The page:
A panel of advisers from the Food and Drug Administration announced on Thursday their unanimous support for Cologuard, an at-home test for colon cancer that boasts 92.3 percent sensitivity at detecting tumors and precancerous lesions.

Colorectal cancer is the second deadliest cancer in the U.S. among men and women. According to the Centers for Disease Control and Prevention, 131,607 people were diagnosed in 2010 and 52,045 died. Researchers from the molecular diagnostics company, Exact Sciences, have been investigating ways to diagnose the deadly illness for years, and just recently published their study demonstrating the benefits of Cologuard, their at-home diagnostic that uses DNA from stool samples to assess a person’s risk.

Colonoscopies are still the foremost tool for diagnosing colorectal cancers, but the invasiveness of the process turns some people off, and so far the options for assessing risk has been limited to the Fecal Immunochemical Test (FIT). Also known as the immunochemical fecal occult blood test (iFOBT), the test relies on subtle detections of blood in a small stool sample, which is mailed along with the kit to a doctor, to indicate whether there is blood vessel damage. This damage could indicate fragile vessels at the site of large polyps or cancers.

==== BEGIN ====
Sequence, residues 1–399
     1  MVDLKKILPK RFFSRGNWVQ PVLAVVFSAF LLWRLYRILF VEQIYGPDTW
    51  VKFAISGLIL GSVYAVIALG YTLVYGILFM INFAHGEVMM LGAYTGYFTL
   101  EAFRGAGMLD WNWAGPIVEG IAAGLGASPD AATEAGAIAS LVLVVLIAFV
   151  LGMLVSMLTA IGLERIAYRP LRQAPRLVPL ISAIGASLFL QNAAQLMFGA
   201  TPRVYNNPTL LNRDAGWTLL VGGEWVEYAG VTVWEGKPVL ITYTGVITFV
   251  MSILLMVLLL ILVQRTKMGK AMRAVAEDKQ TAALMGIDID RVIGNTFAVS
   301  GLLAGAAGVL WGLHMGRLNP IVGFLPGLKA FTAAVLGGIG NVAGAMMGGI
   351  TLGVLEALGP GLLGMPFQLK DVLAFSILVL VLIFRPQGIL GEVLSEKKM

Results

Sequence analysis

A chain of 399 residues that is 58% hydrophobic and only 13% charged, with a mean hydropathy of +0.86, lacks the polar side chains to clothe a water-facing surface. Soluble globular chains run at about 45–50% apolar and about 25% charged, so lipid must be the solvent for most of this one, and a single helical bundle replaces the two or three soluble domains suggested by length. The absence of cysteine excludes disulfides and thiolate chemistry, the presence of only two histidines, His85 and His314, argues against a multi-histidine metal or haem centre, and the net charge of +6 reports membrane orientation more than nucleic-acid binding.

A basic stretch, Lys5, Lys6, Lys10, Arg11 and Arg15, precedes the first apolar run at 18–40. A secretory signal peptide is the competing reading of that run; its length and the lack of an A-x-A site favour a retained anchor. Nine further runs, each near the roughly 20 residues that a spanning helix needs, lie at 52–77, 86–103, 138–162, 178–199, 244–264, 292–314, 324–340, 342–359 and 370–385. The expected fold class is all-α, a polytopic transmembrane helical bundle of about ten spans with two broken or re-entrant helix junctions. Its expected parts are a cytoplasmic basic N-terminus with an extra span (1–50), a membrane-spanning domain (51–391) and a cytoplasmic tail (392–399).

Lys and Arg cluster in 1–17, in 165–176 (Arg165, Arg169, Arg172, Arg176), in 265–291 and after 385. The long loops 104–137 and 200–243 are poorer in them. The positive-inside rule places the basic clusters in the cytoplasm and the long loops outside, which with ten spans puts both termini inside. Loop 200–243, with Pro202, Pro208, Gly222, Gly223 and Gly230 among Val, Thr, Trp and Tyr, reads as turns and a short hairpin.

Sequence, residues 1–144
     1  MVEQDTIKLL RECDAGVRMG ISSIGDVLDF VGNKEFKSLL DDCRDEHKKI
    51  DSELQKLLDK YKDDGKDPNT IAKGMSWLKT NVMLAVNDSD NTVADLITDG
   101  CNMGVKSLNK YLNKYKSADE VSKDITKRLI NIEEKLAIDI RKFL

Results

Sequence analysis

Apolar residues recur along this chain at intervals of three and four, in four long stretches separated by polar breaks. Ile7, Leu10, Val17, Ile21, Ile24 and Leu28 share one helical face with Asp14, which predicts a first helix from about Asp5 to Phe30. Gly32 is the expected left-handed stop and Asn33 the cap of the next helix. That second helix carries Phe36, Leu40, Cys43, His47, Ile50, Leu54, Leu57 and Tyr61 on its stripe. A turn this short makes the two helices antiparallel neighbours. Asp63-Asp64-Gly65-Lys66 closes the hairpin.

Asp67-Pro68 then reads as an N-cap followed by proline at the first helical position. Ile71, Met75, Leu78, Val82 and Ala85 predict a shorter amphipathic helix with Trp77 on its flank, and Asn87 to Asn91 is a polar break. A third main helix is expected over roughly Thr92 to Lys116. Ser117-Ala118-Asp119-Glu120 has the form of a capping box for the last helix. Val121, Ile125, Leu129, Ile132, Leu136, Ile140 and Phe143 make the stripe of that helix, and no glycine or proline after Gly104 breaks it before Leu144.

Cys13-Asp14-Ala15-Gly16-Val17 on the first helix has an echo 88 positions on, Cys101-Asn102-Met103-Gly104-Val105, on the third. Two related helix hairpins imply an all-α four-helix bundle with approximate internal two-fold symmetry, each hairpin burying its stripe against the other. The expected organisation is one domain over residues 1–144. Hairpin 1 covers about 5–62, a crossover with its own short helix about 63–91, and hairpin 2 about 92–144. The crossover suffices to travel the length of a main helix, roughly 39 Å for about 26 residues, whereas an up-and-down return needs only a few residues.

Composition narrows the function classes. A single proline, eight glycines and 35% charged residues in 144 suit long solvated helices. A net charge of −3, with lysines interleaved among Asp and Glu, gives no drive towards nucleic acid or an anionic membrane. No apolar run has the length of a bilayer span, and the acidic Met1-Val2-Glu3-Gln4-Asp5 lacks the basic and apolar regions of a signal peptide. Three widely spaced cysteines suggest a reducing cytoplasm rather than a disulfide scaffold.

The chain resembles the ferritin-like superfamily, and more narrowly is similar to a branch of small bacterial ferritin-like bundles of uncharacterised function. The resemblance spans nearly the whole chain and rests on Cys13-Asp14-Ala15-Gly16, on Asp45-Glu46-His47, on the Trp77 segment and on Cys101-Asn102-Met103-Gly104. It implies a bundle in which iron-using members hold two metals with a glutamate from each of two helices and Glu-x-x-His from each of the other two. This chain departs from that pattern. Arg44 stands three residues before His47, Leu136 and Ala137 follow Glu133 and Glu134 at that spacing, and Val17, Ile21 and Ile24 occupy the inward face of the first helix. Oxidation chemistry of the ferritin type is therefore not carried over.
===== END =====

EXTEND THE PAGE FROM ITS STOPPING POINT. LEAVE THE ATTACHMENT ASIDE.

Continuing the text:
"We look forward to continuing our work with the FDA to complete its review of Cologuard and remain committed to addressing the growing unmet needs in colorectal cancer screening,” Kevin Conroy, chairman and chief executive of Exact Sciences, said in a news release.

While the panel recommendation doesn’t automatically mean the FDA will approve the test, history is on Cologuard’s side. However, The Associated Press reports that following a recent FDA staff review of Cologuard, follow-up tests are needed to assess the long-term effectiveness over several years. The test outperformed FIT by nearly 20 percent, but it also delivered more false-positives — detections when none were present.

Despite federal guidelines recommending annual blood stool samples for people between 50 and 75, only 60 percent heed the advice.